DLDA ( Digital Logic and Design Analysis ) / LOGIC Design
DLDA (Digital Logic Design and Analysis)
DLDA (Digital Logic Design and Analysis) is the semester 3 subject of computer engineering in Mumbai University. Course Objectives for the subject Digital Logic Design and Analysis is to introduce the fundamental concepts and methods for design of digital circuits and a pre-requisite for computer organization and architecture, microprocessor systems.
To provide the concept of designing Combinational and sequential circuits. To provide basic knowledge of how digital building blocks are described in VHDL. Course Outcomes for the subject Digital Logic Design and Analysis At the end of the course student should be able1. To understand different number systems and their conversions. To analyze and minimize Boolean expressions. To design and analyze combinational circuits. To design and analyze sequential circuits. To understand the basic concepts of VHDL. To study basics of TTL and CMOS Logic families.
Digital Logic is the basis of electronic systems, such as computers and cell phones. Digital Logic is rooted in binary code, a series of zeroes and ones each having an opposite value. This system facilitates the design of electronic circuits that convey information, including logic gates. Digital Logic gate functions include and, or and not. The value system translates input signals into specific output. Digital Logic facilitates computing, robotics and other electronic applications. Digital Logic Design is foundational to the fields of electrical engineering and computer engineering. Digital Logic designers build complex electronic components that use both electrical and computational characteristics. These characteristics may involve power, current, logical function, protocol and user input. Digital Logic Design is used to develop hardware, such as circuit boards and microchip processors. This hardware processes user input, system protocol and other data in computers, navigational systems, cell phones or other high-tech systems.
Module Number Systems and Codes Introduction to number system and conversions consists of the following subtopics Binary, Octal, Decimal and Hexadecimal number Systems, Binary arithmetic: addition, subtraction (1‟s and 2‟s complement), multiplication and division. Octal and Hexadecimal arithmetic: Addition and Subtraction (7‟s and 8‟s complement method for octal) and (15‟s and 16‟s complement method for Hexadecimal). Codes: Gray Code, BCD Code, Excess-3 code, ASCII Code. Error Detection and Correction: Hamming codes. Module Boolean Algebra and Logic Gates consists of the following subtopics Theorems and Properties of Boolean Algebra, Boolean functions, Boolean function reduction using Boolean laws, Canonical forms, Standard SOP and POS form. Basic Digital gates: NOT , AND , OR , NAND , NOR , EXOR , EXNOR, positive and negative logic, K-map method 2 variable, 3 variable, 4 variable, Don‟t care condition, Quine-McClusky Method, NANDNOR Realization.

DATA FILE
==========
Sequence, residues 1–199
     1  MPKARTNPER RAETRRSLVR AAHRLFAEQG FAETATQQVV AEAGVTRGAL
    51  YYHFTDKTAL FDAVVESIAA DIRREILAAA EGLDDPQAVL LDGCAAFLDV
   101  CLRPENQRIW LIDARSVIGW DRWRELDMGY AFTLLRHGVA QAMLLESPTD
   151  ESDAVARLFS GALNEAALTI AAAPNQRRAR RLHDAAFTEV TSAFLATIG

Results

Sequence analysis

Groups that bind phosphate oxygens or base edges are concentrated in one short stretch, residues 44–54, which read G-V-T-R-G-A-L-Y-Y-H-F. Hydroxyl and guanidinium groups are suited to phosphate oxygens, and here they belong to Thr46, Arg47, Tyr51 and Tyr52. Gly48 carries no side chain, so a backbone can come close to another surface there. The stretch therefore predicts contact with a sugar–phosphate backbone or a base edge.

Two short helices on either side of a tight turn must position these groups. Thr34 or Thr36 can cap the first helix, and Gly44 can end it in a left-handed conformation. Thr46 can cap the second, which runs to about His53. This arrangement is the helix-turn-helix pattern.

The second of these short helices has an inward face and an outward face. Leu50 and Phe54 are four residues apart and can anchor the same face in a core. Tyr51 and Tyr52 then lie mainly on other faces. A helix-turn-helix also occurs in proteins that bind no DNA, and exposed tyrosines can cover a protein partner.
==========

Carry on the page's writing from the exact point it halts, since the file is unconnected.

Module Combinational Logic Design consists of the following subtopics Introduction, Half and Full Adder, Half subtractor Full Subtractor, Four Bit Ripple adder, look ahead carry adder, 4 bit adder subtractor, one digit BCD Adder, Multiplexer, Multiplexer tree, Demultiplexer, Demultiplexer tree, Encoders Priority encoder, Decoders, One bit, Two bit , 4-bit Magnitude Comparator, ALU IC 74181. Module Sequential Logic Design consists of the following subtopics Introduction: SR latch, Concepts of Flip Flops: SR, D, J-K, T, Truth Tables and Excitation Tables of all types, Race around condition, Master Slave J-K Flip Flops, Timing Diagram, Flip-flop conversion, State machines, state diagrams, State table, concept of Moore and Mealy machine. Counters : Design of Asynchronous and Synchronous Counters, Modulus of the Counters, UP- DOWN counter, Shift Registers: SISO, SIPO, PIPO, PISO Bidirectional Shift Register, Universal Shift Register, Ring and twisted ring/Johnson Counter, sequence generator. Module Introduction to VHDL consists of the following subtopics Introduction: Fundamental building blocks Library, Entity, Architecture, Modeling Styles, Concurrent and sequential statements, simple design examples for combinational circuits and sequential circuits. Module Digital Logic Families consists of the following subtopics Introduction: Terminologies like Propagation Delay, Power Consumption, Fan in and Fan out , current and voltage parameters, noise margin, with respect to TTL and CMOS Logic and their comparison.
Suggested texts books for the subject Applied Mathematics-III by Mumbai university is as follows R. P. Jain, “Modern Digital Electronics”, Tata McGraw Hill.M. Morris Mano, “Digital Logic and computer Design”, PHI. Norman Balabanian, “Digital Logic Design Principles”, Wiley.J. Bhasker.“ VHDL Primer”, Pearson Education. Suggested reference books for the subject Applied Mathematics-III by Mumbai university is as follows Donald p Leach, Albert Paul Malvino,“Digital principles and Applications”,Tata McGraw. Yarbrough John M.“Digital Logic Applications and Design “, Cengage Learning. Douglas L. Perry, “VHDL Programming by Example”, Tata McGraw Hill.
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